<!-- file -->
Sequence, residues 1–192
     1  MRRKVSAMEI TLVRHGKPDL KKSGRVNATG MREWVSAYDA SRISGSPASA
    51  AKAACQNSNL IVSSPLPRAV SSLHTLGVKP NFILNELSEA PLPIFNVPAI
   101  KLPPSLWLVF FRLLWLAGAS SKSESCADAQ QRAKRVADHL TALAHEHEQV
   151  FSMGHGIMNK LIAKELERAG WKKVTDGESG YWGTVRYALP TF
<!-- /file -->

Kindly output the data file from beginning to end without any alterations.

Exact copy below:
Sequence, residues 1–192
     1  MRRKVSAMEI TLVRHGKPDL KKSGRVNATG MREWVSAYDA SRISGSPASA
    51  AKAACQNSNL IVSSPLPRAV SSLHTLGVKP NFILNELSEA PLPIFNVPAI
   101  KLPPSLWLVF FRLLWLAGAS SKSESCADAQ QRAKRVADHL TALAHEHEQV
   151  FSMGHGIMNK LIAKELERAG WKKVTDGESG YWGTVRYALP TF